Steps to Becoming a Person Worth Marrying
- James R. Lucas Author
- 2009 10 Mar
So let’s say you really want to become a person worth knowing and marrying. How do you do it? What do you have to do – what do you have to be – in order to surround yourself with decent people?
Here are some steps you can take to become a person worth knowing and marrying.
Step #1: Become passionate about God. This is more than becoming a Christian or going to church or Bible study. This means making God the center of your life. The alternative is that you try to make other people the center of your life, with a potential spouse your bull’s-eye. Or worse, you could make you the center of your life, and you’re just too little to be God. But someone is going to be in the center – if not God, somebody. You are not ready to be married until God is in the center and you are already intimate with Him. In spite of popular ideas to the contrary, marriage by itself is not likely to bring you closer to God. If you develop a unique, passionate relationship with the living God, He will bless you richly in your life and relationships, and you will become attractive to people who think their own souls are also valuable.
Step #2: Know the truth. Babies don’t get married, and baby Christians shouldn’t either. You certainly don’t want to get married if you’re not a Christian. Life is hard enough without trying to do marriage on your own. But you also don’t want to get married until you’ve grown up a little in Christ. Quite a little. It’s what you know about life through God’s lens that makes all the difference. Do you know the truth? Do you love it? Do you know that perception isn’t reality? Are you aware of where you are reality-impaired and need a strong dose of truth to get well? Are you ready to lay aside the illusions, including common “Christian” illusions? Most people don’t really want to know the truth unless it is pleasant. You can be one of a kind. You can want to know all of it. If you know the truth – really know it and love it and believe it – “you will become free” (John 8:32).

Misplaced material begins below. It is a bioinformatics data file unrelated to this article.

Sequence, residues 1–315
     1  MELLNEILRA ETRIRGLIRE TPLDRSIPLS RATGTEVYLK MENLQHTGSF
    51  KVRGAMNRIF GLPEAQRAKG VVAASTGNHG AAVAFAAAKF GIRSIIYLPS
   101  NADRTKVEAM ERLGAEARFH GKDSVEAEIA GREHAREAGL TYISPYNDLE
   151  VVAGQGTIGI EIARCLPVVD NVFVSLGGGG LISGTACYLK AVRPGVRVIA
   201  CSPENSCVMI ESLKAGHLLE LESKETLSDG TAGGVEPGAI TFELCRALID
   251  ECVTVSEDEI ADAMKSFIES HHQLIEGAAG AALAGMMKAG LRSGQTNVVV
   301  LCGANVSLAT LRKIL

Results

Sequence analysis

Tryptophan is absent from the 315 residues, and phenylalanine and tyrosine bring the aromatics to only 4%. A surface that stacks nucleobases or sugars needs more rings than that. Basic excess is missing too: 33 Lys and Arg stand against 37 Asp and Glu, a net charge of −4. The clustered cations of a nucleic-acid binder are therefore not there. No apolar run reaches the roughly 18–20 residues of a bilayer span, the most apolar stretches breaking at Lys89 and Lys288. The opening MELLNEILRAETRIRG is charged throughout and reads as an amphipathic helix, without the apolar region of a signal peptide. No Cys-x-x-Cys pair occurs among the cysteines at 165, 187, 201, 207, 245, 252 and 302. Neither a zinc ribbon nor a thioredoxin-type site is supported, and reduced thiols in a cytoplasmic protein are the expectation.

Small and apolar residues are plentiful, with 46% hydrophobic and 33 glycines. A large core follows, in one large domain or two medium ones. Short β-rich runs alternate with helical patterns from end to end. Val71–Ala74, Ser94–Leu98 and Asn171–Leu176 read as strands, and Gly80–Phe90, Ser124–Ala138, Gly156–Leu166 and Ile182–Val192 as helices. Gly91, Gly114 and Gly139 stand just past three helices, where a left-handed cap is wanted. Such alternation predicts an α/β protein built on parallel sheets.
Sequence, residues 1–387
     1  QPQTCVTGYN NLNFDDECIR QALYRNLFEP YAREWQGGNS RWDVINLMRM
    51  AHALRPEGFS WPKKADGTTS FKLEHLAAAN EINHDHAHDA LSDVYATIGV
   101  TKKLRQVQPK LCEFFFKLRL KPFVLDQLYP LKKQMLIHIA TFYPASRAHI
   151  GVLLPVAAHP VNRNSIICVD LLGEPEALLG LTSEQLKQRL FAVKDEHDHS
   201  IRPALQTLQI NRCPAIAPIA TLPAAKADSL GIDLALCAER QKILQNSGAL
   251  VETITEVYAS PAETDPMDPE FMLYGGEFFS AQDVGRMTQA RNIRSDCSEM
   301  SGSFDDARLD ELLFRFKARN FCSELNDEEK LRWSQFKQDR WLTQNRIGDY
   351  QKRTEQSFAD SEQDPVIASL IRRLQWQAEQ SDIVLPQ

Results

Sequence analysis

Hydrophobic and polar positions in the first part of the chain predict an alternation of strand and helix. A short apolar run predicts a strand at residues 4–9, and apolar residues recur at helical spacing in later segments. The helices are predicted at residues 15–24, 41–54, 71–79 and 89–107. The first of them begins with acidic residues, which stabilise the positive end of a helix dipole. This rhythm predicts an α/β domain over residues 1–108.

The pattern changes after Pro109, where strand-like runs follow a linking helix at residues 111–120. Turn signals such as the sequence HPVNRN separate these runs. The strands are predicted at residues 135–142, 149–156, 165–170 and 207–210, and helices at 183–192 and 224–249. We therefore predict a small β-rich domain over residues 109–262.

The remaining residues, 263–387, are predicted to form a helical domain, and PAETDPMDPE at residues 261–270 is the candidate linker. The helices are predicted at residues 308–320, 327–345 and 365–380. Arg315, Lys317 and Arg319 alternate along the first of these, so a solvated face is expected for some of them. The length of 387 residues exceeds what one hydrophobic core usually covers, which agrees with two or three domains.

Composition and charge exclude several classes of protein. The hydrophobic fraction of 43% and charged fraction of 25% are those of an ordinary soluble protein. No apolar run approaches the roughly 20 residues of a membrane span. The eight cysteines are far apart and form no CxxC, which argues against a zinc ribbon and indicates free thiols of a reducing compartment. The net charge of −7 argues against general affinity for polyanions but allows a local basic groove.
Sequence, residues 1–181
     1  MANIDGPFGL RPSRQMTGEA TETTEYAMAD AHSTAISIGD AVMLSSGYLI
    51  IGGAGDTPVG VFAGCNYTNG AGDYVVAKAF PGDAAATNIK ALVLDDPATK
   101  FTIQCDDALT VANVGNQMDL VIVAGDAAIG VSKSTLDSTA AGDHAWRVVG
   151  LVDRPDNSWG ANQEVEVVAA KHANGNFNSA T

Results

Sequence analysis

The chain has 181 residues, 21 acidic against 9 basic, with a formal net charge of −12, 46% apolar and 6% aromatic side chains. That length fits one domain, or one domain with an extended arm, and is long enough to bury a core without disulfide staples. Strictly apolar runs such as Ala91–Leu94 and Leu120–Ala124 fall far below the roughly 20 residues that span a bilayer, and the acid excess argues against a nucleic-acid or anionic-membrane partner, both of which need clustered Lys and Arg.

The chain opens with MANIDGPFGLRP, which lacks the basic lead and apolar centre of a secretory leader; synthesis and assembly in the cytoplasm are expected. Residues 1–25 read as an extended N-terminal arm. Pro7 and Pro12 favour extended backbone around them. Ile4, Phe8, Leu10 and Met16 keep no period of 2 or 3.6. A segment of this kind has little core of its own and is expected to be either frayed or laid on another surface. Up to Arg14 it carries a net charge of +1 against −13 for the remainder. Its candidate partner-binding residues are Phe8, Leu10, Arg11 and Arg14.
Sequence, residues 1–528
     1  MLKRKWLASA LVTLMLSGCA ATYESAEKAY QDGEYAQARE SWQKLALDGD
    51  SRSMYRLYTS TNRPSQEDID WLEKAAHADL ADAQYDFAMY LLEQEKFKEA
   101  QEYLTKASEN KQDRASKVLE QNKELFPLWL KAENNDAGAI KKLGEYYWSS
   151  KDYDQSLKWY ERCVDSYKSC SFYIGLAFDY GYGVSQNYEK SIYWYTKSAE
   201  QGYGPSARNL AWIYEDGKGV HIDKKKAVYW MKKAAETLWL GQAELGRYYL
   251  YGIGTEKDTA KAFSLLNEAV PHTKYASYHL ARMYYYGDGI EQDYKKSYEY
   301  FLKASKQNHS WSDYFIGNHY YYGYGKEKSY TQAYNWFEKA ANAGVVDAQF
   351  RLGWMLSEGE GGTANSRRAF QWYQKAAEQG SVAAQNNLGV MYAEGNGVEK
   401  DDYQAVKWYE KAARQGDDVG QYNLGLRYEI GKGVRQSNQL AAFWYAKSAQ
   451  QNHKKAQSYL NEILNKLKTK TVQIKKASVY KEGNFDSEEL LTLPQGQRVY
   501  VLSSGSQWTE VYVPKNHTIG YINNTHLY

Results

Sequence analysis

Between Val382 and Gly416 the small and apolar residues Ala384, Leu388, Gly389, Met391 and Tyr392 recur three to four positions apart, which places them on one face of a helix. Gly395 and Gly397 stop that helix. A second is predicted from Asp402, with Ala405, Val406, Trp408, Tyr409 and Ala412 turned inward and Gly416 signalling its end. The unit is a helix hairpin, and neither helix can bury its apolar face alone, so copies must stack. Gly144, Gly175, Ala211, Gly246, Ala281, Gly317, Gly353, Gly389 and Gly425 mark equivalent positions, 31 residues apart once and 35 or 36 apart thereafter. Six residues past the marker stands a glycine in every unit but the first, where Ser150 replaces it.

Step #3: Live in freedom. Even if you know the truth, are you really free? Do you really believe and experience the fullness of the truth that “Christ has liberated us into freedom” (Galatians 5:1)? Are you living in freedom – free of the power and plague of sin, free to say “no” to temptation, free to think for yourself, free of the always-lurking Christian Pharisees and their petty rules? Most people aren’t free. Someone who walks in freedom will be attractive to anyone else who wants to be free. You weren’t put here to place people in the bondage of a bad relationship. You were put here “to proclaim freedom for the captives” (Isaiah 61:1).
Step #4: Become passionate about others. People talk about crowns in heaven. Do you know what they are? According to the Bible, your crowns are other people. Are you spending yourself in service to others? Are you investing in others? Is the world around you — at home, at work, at school, at church, in the community – at least a little better because of your drive to make it so? Are you practicing on your parents and siblings, who can probably be rather unlovable at times? Even if you have a lot of head knowledge about the Bible, do you have the heart knowledge that goes with it? Do you know that “knowledge inflates with pride, but love builds up” (1 Corinthians 8:1)? If you don’t have the humility to “consider others better than yourselves,” you’re not ready for serious relationship. Most people who get married don’t have that humility, so their relationships are all about rights and resentment. You can do a lot better than that.